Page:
So what will I talk about? Well my presentation for the 3D Mapping forum is provisionally entitled “Working with CityEngine (and how to enjoy it)”. This looks like a cop-out presentation title doesn’t it? Well it’s not.
You see the people I talk to who have started to use CityEngine are often stuck in a GIS world or a 3D world or a planning world or an architecture world… you get the picture they’re in their own little professional bubble. The idea of this presentation is to show how truly versatile CityEngine is and that thinking outside the box can help. Come along and see if you don’t believe me!
Oh and the procedural sheep make a triumphant return!
Modelling Arabic Urban Cores using CityEngine
My main UC presentation is really more technical for those interested in getting some ideas and help in how to model real world areas in CityEngine. I’ll explore workflows and strategies which hopefully won’t give all my secrets away!
I’ll look at how I choose what’s an important in a scene and how to think about the limitations of 3D.
Days and times for my presentations:
- Smart 3D Cities Track
- Sunday, 13 Jul 2014, 1:45pm – 3:45pm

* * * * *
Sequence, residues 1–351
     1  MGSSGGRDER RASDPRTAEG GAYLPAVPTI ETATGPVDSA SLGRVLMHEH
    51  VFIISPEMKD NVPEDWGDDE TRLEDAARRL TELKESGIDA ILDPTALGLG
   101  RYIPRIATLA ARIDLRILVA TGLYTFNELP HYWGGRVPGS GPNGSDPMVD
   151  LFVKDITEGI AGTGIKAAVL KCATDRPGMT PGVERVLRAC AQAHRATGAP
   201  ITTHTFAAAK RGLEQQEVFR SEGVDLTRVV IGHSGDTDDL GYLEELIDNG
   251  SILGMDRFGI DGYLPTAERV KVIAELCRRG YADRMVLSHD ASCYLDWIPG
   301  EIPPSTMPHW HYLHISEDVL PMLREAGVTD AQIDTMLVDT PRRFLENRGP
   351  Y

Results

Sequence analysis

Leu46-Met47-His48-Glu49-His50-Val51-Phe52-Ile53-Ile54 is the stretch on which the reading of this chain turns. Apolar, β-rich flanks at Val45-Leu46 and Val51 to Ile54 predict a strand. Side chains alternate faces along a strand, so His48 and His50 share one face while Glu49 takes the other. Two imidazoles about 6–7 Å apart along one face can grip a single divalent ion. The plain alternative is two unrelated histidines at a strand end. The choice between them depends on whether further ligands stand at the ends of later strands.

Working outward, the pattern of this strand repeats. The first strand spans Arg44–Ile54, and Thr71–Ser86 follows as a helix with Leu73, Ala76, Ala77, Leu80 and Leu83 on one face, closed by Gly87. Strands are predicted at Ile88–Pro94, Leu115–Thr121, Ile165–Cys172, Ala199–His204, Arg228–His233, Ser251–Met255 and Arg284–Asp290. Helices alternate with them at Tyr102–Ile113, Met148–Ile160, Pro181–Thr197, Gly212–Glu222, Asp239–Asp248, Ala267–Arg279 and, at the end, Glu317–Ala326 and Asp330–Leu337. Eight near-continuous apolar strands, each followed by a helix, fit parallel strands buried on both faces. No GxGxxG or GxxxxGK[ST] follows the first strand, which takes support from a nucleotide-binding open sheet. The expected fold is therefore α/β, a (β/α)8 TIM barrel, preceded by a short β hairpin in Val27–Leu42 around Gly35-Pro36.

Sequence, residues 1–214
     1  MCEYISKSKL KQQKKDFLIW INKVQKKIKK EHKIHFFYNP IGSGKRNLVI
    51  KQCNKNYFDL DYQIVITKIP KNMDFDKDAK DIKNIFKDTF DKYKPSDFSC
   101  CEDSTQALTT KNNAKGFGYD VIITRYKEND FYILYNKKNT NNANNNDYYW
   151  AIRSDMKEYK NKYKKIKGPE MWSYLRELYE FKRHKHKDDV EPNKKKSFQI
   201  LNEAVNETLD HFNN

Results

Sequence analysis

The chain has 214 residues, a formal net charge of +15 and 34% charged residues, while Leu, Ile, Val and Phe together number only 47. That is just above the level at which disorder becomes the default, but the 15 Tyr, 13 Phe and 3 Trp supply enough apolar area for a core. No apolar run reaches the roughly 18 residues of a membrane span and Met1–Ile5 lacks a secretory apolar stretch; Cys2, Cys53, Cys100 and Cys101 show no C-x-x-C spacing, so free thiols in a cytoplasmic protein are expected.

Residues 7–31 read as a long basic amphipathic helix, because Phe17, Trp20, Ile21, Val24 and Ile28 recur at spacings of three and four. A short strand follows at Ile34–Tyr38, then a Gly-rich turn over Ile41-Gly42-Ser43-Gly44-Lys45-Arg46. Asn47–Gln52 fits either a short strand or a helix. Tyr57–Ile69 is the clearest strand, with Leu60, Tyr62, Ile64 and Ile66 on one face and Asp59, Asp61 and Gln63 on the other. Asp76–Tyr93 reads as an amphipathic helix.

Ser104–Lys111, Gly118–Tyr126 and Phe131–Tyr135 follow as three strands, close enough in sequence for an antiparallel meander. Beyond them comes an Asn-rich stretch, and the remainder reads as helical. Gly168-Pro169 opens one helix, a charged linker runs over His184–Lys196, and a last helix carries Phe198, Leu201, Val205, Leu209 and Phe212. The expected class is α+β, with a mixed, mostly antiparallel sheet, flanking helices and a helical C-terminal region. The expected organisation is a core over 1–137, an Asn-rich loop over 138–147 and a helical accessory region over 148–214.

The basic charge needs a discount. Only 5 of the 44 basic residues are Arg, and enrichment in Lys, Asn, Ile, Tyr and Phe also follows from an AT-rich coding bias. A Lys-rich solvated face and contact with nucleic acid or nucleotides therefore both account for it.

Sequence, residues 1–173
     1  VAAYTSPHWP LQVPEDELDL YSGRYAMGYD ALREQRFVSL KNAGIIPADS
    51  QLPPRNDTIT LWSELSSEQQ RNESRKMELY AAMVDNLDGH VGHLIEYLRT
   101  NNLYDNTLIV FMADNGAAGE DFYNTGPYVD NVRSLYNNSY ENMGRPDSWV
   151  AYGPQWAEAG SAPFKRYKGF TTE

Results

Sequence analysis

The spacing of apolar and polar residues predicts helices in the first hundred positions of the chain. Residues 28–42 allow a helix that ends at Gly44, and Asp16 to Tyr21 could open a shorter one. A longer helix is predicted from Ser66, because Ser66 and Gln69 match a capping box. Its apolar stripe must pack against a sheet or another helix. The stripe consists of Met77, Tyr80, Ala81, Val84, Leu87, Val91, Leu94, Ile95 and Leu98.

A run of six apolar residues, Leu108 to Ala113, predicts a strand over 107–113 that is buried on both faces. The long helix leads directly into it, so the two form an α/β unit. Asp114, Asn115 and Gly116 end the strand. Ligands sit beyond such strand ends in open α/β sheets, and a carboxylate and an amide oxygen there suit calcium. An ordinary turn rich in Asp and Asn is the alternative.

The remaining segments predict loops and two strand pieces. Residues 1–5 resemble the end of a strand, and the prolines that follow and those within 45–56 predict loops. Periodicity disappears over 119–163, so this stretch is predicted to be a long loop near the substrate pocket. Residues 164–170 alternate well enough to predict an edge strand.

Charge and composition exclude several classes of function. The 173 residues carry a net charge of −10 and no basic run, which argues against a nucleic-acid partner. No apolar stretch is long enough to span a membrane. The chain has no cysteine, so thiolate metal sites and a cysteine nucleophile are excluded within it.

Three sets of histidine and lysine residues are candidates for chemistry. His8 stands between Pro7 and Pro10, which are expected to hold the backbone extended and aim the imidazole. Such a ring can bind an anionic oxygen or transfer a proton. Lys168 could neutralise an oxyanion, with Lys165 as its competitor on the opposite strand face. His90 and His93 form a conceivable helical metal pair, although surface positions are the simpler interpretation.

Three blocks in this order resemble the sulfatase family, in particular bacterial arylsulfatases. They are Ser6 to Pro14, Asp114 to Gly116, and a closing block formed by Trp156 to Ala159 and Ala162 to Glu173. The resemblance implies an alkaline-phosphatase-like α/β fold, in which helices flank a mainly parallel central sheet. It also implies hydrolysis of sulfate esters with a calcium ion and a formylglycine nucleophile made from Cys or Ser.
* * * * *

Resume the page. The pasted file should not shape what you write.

- Location: Omni Ballroom A/B
2:30-3:00pm Working with CityEngine (and how to enjoy it)
- 3D GIS Workflows and Design for Mass 3D Modeling
- Wednesday, 16 Jul 2014, 1:30-2:45pm
- Location: Room 23C
1:30-2:45pm (not sure on exact time I’m only one listed) Modelling Arabic Urban Cores using CityEngine
If you’re attending the EsriUC this year get in contact with me to chat about CityEngine and my company’s (Garsdale Design) services!
I’ve been looking forward to this dataset for a while, it’s my home town and it’s been the first production under the new CyberCity3D and Bluesky International agreement.CyberCity 3D, a leading provider of advanced geospatial smart building data, has teamed with UK-based aerial mapping company Bluesky to create smart 3D city models throughout the UK. The Company also plans to integrate Bluesky’s National Tree Map into 3D Esri CityEngine scenes it creates with Esri UK and Cumbria, England-based Garsdale Design.
What this potentially means is small areas can now get 3D models much easier you don’t have to go and source your own stereo imagery in England now. I won’t say it’s cheap but it is cost effective at least!
Did I say that CityEngine 2014 is now live too? I’m in heaven this week….
So you came here wondering what side project I’ve got going on that I have to refer to a fairy tale? Sorry to disappoint I’m still talking CityEngine. Specifically it’s ability to take planning standards and work with them…
In this rule file I’ve fed a parking standard (1 space per 23 square metres of floor space) into a lot divided into a building and parking area. When the buildings (parking garage and building) achieve the required standards (within a tolerance of course!) then they change colour from transparent red to white.
I’m going to be using this type of rule file a lot I think in the next year or so. It’s adaptable and one that goes beyond a pretty model…